Like all wild areas, the Naboisho Conservancy faces problems such as soil erosion and invasive species which can significantly impact and alter the environment in a detrimental way. Volunteers partake in conservation initiatives to enhance the health of the ecosystem for it to successfully support its inhabitants. These initiatives are conducted in cooperation with the conservancy management team and include, alien plant species removal, soil erosion control, grass monitoring, game drive routing, road identification, litter picking, and road repair.
KOIYAKI GUIDING SCHOOL
Koiyaki Guiding School is a facility that provides a quality education in guiding and conservation to local Maasai youth who want to get involved in the tourism industry by becoming safari guides. Through the school, Maasai guides can obtain certification with the Kenya Professional Safari Guides Association. Over the last decade, hundreds of Maasai youth have graduated and found employment in the ecotourism industry. Through teaching, you will help open up employment opportunities for community members, promote and encourage conservation of the Maasai Mara ecosystem, and meet and talk to locals who will offer an intimate insight into their community, culture, and country. Some of the topics volunteers cover includes customer service, guiding principles, languages and culture, and many more.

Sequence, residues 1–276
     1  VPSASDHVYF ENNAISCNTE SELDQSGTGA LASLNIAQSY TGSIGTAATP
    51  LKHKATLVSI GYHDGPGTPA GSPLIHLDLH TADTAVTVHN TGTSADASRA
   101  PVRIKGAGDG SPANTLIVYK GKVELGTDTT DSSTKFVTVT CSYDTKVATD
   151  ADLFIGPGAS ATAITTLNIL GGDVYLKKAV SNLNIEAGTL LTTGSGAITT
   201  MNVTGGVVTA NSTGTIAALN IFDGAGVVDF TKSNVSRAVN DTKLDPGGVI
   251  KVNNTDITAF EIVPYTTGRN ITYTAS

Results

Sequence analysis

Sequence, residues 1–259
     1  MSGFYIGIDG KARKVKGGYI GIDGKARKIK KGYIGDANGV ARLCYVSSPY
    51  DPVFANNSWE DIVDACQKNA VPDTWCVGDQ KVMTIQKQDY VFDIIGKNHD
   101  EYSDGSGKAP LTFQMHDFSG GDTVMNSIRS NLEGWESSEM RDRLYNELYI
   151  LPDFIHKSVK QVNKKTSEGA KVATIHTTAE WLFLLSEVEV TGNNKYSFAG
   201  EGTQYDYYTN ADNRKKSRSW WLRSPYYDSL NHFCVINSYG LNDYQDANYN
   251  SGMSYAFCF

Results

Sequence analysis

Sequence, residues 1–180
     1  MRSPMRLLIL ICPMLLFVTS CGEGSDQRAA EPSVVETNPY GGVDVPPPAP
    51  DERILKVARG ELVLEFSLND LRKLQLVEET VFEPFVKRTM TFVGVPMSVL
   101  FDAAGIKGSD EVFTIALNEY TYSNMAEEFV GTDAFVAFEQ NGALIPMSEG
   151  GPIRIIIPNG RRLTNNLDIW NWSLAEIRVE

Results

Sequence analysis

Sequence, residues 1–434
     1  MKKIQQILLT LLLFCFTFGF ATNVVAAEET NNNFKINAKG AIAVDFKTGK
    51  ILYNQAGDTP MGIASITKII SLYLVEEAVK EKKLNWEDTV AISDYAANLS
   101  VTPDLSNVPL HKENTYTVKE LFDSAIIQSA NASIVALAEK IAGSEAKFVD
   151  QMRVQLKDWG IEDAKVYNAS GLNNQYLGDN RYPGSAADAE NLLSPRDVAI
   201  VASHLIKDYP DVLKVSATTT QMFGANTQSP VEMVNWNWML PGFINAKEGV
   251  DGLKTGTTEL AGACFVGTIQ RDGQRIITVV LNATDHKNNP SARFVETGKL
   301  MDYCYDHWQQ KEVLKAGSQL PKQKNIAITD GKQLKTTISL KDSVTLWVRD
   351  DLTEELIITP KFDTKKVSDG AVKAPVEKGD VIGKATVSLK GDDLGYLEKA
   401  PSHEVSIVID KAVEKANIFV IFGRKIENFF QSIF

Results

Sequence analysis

Community education and empowerment are inextricably linked to efforts to protect wildlife. There are several schools in the vicinity of the conservancy, but many of them lack basic facilities and are plagued by a shortage of teachers. Volunteers engage with students at the local primary schools to raise awareness of the importance of conservation.